7

I was asked by a French colleague, and had no clear answer, whether it's more correct to say "One thousand five hundred" or "fifteen hundred" when speaking the number 1500. Putting aside how we say dates, which have their own formula.

After some thought, my best answer was I tended to say "fifteen hundred" when dealing with abstract things ("fifteen hundred dollars") that I tend to think of as a unit (when I think of $1500, I think of that sum, not of 1500 individual dollar bills), but "one thousand five hundred" when dealing with countable objects, like "there are one thousand five hundred marbles in the box."

I was wondering if there was a standard or guidance documents, possibly for broadcast, that would provide some sort of structured answer to the question.

  • 2
    Did you ask your French colleague if there was a standard French way of saying it? – Barrie England Dec 17 '13 at 19:56
  • 3
    If you want 'the unequivocal answer' here, I fear you're bound to be disappointed. Even style guides tend to disagree over what's best practice. I'd not think that 'fifteen hundred armed men at Zapatan' sounded odd, but usage is idiosyncratic. Check on the web for individual examples of your own choice (you can't check using numerals, of course). – Edwin Ashworth Dec 17 '13 at 19:57
  • 1
    This might help english.stackexchange.com/questions/7953/… – Josh Dec 17 '13 at 20:00
  • 1
    Which one sounds easier to say? 6 syllables of /wənθawzəndfayvhəndrəd/ or 4 syllables of /fɪftinhəndrəd/? – John Lawler Dec 17 '13 at 20:56
  • you could always say three hundred score. – hildred Dec 18 '13 at 0:52
12

One thousand five hundred is more formal than fifteen hundred. Both will be understood by the listener and are correct English, but one thousand five hundred would be more appropriate on a legal document such as a contract.

Also, in an informal setting, such as when talking about sports statistics, people may look at you funny if you use one thousand five hundred rather than fifteen hundred.

  • 1
    Exactly. One example of a legal document where you should use "one thousand five hundred" is a check (or "cheque"). – Kaz Dec 17 '13 at 21:26
  • This is the best answer so far. One is more formal and the other is informal, colloquial. – Tristan r Dec 17 '13 at 22:27
  • 3
    Yes, but that means nothing without some description of what "formal" means and how it works with this word. Many people think using whom is a mark of formality, and therefore use it whenever they wish to show formality, like "I don't know whom you think you are." – John Lawler Dec 18 '13 at 0:42
2

Quinze cents is more common in French than mille cinq cents.

I tried COPA, but could not get a search done as to usage. I think/wonder if our use of one thousand five hundred relates to how it is usually written: 1,500 vs 1500. Perhaps because of my science background, I think in 'hundreds'. But I hear *one thousand five hundred* more commonly when referring to something other than money, even though banks prefer one thousand five hundred on a check.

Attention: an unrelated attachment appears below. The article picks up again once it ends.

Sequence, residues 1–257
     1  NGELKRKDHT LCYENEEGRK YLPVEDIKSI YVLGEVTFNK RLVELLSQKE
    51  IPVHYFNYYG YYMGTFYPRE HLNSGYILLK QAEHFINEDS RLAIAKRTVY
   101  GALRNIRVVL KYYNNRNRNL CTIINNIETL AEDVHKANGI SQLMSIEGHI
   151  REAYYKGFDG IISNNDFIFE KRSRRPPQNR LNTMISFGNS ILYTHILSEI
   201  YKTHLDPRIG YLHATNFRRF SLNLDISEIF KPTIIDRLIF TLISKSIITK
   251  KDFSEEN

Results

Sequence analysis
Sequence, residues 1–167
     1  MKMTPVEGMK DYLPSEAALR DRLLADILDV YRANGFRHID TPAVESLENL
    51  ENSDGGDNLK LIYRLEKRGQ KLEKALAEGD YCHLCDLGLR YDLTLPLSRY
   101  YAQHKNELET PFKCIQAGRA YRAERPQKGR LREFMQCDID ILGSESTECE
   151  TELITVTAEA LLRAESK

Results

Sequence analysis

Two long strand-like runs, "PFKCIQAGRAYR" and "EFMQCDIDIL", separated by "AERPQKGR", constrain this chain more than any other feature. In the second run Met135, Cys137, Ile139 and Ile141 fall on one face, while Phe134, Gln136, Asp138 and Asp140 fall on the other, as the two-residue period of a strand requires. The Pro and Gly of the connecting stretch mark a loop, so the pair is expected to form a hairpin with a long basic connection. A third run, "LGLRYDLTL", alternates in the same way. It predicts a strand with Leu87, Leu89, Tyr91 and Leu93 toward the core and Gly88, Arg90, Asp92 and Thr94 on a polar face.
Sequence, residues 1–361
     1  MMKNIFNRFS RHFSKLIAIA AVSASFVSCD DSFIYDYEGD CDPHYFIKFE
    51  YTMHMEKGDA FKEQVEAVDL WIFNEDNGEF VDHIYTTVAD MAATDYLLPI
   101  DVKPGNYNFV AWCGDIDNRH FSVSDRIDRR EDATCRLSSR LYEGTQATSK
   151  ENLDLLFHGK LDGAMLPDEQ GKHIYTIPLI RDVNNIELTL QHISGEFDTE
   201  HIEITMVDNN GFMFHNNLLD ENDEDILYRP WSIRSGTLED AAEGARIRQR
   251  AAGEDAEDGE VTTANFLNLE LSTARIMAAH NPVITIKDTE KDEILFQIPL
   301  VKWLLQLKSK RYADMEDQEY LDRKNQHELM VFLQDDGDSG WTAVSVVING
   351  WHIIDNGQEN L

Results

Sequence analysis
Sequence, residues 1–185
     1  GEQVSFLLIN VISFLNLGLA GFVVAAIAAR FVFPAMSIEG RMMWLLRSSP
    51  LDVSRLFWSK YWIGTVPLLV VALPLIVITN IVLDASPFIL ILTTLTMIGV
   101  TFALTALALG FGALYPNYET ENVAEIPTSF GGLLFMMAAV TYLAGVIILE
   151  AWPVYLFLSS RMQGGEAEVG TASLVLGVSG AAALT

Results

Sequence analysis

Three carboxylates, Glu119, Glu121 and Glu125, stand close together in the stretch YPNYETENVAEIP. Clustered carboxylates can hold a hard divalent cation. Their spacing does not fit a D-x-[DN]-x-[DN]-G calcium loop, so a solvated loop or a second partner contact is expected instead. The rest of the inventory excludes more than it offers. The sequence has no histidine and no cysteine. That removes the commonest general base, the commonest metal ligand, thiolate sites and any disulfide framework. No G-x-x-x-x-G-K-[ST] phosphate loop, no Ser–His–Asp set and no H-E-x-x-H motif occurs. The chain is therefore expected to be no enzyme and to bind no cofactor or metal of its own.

Googling, I turned up three times as many hits for one thousand five hundred than fifteen hundred.

Nothing unequivocal, I'm afraid.

  • 2
    I don't believe any bank would refuse to cash a check because it said fifteen hundred rather than one thousand five hundred. But checks you get from banks and businesses will probably read one thousand five hundred. – Peter Shor Apr 2 '14 at 14:34
-1

Whether numbers should be described as "hundreds" or "thousands" depends upon whether the things being described are naturally grouped into chunks of size 25, 50, or some number which is a multiple of 100 but not 1,000. Street addresses in the US are generally numbered to increase by 100 per block, so 5295 Easy Street would be "fifty-two ninety-five" since it is approximately fifty-two blocks away from the place where numbering starts. In a country where addresses are assigned consecutively without regard for block boundaries, it may be better to read the 1,234th assigned address on a street as "one thousand two hundred thirty-four". In contexts where things like prices are expected to be in the range 100 to 9,900 and expressed as multiples of 100, saying "fifty-two hundred" will be more concise than "five thousand two hundred". If only a few prices were below 10,000 it would be better to consistently describe prices--even smaller ones--in the more verbose form, but if most prices can be expressed concisely such usage is generally helpful.

-3

The following quote from answers.yahoo.com by benni is what I think the best answer, though I'm sure some people would disagree:

15 hundred is a shortcut we use, but it isn't really correct. you should write out the full number. The reason it is wrong is because there is only one digit assigned to hundreds. The digit all the way to the right in an integer is called the ones digit, the next one to the left is the tens digit, the third one is the hundreds digit, and the the next THREE are thousands digits, then the next three are the millions digits, etc. So 15000 can be said 15 thousand just fine because the 1 and the 5 are both in the thousands. But 1500 technically isnt 15 hundred because there is only one hundreds digit and that is the 5. The 1 is in the thousands.

  • Please add the link and fix the formatting :) – Honza Zidek Jul 25 '14 at 9:43

protected by tchrist Jul 25 '14 at 11:45

Thank you for your interest in this question. Because it has attracted low-quality or spam answers that had to be removed, posting an answer now requires 10 reputation on this site (the association bonus does not count).

Would you like to answer one of these unanswered questions instead?

Not the answer you're looking for? Browse other questions tagged or ask your own question.